Profit & Loss Potential
The primary way for the bull ratio spread to return a profit is if the underlying security goes up in price, but it's actually a little more complicated than that. Because the strategy involves writing more calls than you buy, if the price of the underlying security rises above the strike of the written contracts, your profits will start to diminish and you could even lose money if it goes high enough.
Therefore the maximum profit is made when the price of the underlying security is equal to the strike of the written contracts at the point of expiration. When this happens, the bought contracts will return a profit and the written contracts will expire worthless meaning you have no further liabilities.
If the ratio you have applied results in a debit spread (i.e. you spend more on buying than you receive for writing), then the bull ratio spread will lose money if the underlying security falls in price or stays stable. This is because all the options you have written will expire worthless, but so will the ones you have bought. You will therefore lose the difference between what you spent on buying and what you received for writing.
If the ratio you applied results in a credit spread (i.e. you receive more for writing than you spend on buying), then the bull ratio spread will return a profit if the underlying security falls in price or stays stable. Again, the options bought and the ones written will all expire worthless: leaving you with the net credit you received at the time of applying the strategy.
Advantages & Disadvantages
The biggest advantage of the bull ratio spread is really in the flexibility that it offers. You can adjust the ratio of the spread and the strike of the options involved to help you achieve whatever objectives you may have. You can greatly increase your potential profits when the underlying security goes up in price if you can accurately predict what price it will end up at by expiration. You can also limit the amount you lose if the underlying security fails to go up, or falls, in price. You can even turn that into a profitable outcome if you choose the appropriate ratio.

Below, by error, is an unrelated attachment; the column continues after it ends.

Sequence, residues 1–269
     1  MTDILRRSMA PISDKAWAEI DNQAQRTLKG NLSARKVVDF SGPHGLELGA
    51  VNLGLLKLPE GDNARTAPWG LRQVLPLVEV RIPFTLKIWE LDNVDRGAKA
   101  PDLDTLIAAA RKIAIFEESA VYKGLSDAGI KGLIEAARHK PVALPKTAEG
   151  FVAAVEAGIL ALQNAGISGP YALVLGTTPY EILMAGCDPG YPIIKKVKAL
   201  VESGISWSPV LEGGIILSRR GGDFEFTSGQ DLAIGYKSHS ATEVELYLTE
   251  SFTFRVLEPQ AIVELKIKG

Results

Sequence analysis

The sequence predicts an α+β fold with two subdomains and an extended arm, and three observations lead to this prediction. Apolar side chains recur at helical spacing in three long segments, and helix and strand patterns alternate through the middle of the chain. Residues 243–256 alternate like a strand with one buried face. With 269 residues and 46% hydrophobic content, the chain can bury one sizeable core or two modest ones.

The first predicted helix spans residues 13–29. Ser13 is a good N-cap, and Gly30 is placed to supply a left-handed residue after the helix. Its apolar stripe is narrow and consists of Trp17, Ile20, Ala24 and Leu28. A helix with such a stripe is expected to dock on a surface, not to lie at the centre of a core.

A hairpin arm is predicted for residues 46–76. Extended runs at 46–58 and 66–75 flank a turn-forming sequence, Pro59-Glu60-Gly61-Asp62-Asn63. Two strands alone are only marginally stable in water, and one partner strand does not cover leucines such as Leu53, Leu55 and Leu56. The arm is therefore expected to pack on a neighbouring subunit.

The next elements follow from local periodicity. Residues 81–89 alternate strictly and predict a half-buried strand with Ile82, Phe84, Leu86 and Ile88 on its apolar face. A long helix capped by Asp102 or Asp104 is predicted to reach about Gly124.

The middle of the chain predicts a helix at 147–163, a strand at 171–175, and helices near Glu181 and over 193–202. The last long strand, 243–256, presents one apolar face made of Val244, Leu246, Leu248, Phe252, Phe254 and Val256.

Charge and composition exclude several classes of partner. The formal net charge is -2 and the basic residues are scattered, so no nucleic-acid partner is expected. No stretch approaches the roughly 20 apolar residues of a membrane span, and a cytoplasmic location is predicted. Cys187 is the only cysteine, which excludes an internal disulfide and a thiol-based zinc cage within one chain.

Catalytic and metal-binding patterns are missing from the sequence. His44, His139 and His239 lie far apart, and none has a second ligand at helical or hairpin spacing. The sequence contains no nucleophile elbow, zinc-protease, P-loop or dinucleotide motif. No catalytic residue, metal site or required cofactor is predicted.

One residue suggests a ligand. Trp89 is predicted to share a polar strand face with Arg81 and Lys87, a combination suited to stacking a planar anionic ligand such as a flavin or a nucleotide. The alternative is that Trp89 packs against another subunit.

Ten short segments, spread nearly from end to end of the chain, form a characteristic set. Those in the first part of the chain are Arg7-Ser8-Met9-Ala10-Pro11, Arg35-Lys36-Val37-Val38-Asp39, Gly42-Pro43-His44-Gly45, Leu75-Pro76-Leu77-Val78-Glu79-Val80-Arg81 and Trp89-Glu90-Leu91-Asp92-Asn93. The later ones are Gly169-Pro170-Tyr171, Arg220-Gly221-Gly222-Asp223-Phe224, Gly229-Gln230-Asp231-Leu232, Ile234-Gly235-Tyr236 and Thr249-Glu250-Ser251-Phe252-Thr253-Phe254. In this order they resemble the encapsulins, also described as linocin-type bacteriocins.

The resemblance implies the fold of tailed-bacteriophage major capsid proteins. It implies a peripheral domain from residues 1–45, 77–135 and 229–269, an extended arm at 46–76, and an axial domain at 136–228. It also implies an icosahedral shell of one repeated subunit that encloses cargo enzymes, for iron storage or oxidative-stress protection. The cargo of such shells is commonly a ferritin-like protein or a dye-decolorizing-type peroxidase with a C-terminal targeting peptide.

The main disadvantage is that it's a complex strategy to understand. Even though there are only two transactions involved, it can be difficult to calculate the optimum ratio and strikes to use. The flexibility offered is obviously a good thing, but the downside to this is that it can be confusing to know exactly how to apply the strategy. It also requires a high trading level, which may mean it isn't possible for a trader to use it.
Below is one example of how the bull ratio spread can be applied and what the potential outcomes may be. Please note though, this is just a hypothetical example to provide a rough overview of how the strategy works and it doesn't use exact options prices. For the sake of simplicity, no commission charges have been included.
- Company X stock is trading at $50, and you expect it to increase in price to around $54.
- At the money calls on Company X stock (strike price $50) are trading at $2 and out of the money calls on Company X stock (strike price $54) are trading at $.20.